Special Crypto Celebration: Past, Present and Future with Material Indicators

2022 is coming to an end and our staff at Bitcoinist have decided to launch this Crypto Holiday Special to provide some perspective on the crypto industry. We’ll be talking to multiple guests to understand the highs and lows of this year’s cryptocurrency.

In the spirit of Charles Dicken’s classic A Christmas Carol, we’ll look at cryptocurrency from different angles, look at its possible trajectory for 2023, and find common ground between these different visions of the industry that can support the future of finance.

Last week, we spoke to institutions about their vision for 2022 and their outlook for the months ahead. We’ll start with our experts Material indicatorsa market data and analytics firm dedicated to creating trading tools for the emerging sector.

Material Indicators: “While we have yet to see tradfi (Traditional Finance) price on earnings declines (~Q1’23), we are already close to the downside in terms of sentiment.”

Material Indicators and their analyst team measure market sentiment and liquidity and try to read between the lines of what the big players are doing to get a clear view of its conditions and possible direction. Here’s what they told us:

Q: What is the most significant difference for the cryptocurrency market today compared to Christmas 2021? Apart from the price of Bitcoin, Ethereum and others, what has changed from that moment of euphoria to today’s perpetual fear? Is there a drop in adoption and liquidity? Are the basics still valid?

A: The difference is obvious! Since the FTX explosion, the influx of new people to Crypto Twitter has dropped by a drop. Salty Youtubers will now advise you to sell your remaining coins to avoid a total loss. Telegram communities are shrinking. Big accounts that told their followers to buy have either quit or rebranded. While we have yet to see tradfi (Traditional Finance) price on the earnings beat (~Q1’23), we are already close to the downside in terms of sentiment.

Q: What are the dominant narratives driving this shift in market conditions? And what should be the story today? What do most people overlook? We’ve seen a major cryptocurrency explode, a hedge fund thought to be untouchable, and an ecosystem promising a financial utopia explode. Is crypto still the future of finance or does society need a new vision?

A: On the contrary. Conditions create stories. Loose monetary policy and abundant cheap credit create bubbles and increase fraud. Only after the tide recedes do we see who is swimming naked. With the inevitable rise in unemployment, people will try to hide in bonds, which improves the creditworthiness of risky assets. So while earnings-driven assets will feel the pain at higher unemployment, credit-driven assets (risky assets) will feel relatively less pain.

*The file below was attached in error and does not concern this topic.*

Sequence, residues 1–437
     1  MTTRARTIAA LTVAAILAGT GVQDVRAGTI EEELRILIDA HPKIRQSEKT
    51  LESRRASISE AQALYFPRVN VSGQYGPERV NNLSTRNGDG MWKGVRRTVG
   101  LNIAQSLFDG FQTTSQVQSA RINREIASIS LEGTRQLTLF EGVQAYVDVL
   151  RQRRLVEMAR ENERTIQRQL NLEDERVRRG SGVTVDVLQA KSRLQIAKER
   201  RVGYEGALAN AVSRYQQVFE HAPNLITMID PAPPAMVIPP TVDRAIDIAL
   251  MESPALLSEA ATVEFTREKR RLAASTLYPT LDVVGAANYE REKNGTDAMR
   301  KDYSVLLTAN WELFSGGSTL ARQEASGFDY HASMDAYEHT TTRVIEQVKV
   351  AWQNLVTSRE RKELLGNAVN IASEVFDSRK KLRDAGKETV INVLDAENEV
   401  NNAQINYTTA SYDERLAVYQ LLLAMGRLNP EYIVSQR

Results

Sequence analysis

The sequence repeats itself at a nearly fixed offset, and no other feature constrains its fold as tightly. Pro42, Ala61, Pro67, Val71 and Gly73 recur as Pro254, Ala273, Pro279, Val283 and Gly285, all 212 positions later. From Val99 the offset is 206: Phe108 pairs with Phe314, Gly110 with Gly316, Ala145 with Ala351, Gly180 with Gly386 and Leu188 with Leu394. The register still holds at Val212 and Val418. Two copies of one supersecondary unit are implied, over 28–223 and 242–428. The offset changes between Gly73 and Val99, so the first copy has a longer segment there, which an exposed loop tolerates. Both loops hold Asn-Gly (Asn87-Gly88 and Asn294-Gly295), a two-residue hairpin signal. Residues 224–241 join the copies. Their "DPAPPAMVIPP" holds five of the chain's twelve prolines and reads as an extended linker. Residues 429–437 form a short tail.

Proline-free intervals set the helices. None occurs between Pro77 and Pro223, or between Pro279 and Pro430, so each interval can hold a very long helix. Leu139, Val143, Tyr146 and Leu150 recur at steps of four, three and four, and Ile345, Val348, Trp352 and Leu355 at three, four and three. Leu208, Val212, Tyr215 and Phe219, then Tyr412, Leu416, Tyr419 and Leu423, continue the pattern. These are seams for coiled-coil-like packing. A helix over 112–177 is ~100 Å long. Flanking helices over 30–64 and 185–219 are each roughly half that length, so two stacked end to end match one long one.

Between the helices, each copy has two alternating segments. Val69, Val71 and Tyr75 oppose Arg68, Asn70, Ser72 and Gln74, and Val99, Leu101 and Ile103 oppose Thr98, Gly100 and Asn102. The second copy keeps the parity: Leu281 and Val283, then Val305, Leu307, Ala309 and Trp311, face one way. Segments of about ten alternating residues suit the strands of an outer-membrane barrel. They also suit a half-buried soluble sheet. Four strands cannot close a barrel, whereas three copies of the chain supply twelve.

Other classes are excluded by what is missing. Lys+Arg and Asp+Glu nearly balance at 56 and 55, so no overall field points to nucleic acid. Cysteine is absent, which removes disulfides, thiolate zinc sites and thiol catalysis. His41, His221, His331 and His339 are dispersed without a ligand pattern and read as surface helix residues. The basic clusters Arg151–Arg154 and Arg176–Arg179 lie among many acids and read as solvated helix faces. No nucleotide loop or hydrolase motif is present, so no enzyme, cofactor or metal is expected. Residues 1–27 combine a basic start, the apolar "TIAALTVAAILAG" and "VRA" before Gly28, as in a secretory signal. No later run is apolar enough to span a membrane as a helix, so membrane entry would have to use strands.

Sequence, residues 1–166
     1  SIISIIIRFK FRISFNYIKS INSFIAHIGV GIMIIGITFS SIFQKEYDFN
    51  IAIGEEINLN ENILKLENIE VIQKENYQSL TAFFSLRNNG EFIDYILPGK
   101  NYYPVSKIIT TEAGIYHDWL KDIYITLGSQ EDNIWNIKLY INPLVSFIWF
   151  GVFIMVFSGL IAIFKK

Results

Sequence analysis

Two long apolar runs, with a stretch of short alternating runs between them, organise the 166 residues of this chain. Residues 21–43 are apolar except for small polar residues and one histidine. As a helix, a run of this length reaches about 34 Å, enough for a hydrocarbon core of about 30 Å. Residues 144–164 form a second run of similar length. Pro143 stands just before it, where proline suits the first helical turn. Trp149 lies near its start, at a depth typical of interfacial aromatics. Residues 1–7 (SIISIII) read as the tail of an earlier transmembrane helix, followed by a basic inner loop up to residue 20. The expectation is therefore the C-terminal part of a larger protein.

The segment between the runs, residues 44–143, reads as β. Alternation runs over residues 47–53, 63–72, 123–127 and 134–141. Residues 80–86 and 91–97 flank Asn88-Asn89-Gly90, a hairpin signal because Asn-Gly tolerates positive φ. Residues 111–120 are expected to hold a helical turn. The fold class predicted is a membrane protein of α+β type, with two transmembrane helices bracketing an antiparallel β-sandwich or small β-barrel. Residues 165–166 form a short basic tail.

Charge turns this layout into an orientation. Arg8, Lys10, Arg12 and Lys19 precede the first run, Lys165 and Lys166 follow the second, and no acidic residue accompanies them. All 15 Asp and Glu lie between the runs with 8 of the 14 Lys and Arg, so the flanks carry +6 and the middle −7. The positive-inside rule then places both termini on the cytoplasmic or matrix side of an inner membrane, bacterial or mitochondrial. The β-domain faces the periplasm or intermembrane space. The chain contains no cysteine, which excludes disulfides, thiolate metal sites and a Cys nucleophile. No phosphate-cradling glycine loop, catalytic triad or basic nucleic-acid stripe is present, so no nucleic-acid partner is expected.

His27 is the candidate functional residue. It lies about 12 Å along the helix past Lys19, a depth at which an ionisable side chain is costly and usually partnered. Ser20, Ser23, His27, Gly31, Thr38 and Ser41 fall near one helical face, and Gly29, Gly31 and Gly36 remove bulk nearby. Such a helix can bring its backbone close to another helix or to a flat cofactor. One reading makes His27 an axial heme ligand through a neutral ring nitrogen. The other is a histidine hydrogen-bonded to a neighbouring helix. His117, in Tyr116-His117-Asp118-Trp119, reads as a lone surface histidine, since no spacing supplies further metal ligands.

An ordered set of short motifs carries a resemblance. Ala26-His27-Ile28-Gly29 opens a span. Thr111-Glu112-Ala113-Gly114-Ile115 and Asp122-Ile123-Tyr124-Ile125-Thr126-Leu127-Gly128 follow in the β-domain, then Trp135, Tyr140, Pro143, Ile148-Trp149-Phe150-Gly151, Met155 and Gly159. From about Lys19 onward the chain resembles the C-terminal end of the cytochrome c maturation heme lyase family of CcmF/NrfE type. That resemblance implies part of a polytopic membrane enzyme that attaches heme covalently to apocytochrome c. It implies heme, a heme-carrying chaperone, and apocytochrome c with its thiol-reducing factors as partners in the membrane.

Q: If you had to pick one, what do you think was the defining moment for cryptocurrency in 2022? And will the industry feel the consequences in 2023? Where do you see the Christmas industry next? Will it survive this winter? Mainstream is once again announcing the death of the industry. Will they finally get it right?

A: Terra/Luna was probably the catalyst for all the subsequent explosions, and we haven’t seen the full effects of the contagion yet (DCG/Grayscale/Genesis hasn’t been fully resolved yet). As with any boom, this will invite more regulation, which will neither protect investors nor improve growth potential. We wanted institutional adoption and now we see they had zero risk management and gambled away user funds.

Q: Finally, on social media, you guys at Material Indicators publicized your bearish bias. Are you more or less pessimistic than you were at the start of 2022? What would you like to see to change your bias and lean towards the long side of the market? We know a lot depends on the Federal Reserve, are the chances of a turnaround and lower interest rate hikes higher?

Answer: We may not be out of the woods yet, but we can almost see the light. Bonds on weak earnings and poor outlook are likely to capture supply in 2Q23 and therefore provide credit to riskier assets to cushion their fall or even help their recovery (especially as Treasuries raise RRP from ~$2T idle if he manages to release) liquidity). Bitcoin can also benefit from this, since it depends only on the availability of credit, not on earnings. However, while inflation has continued to fall for some time and is likely to continue to do so, it is unlikely that we have seen the last of it. So watch for inflation potentially picking up again in late ’23/early-’24.

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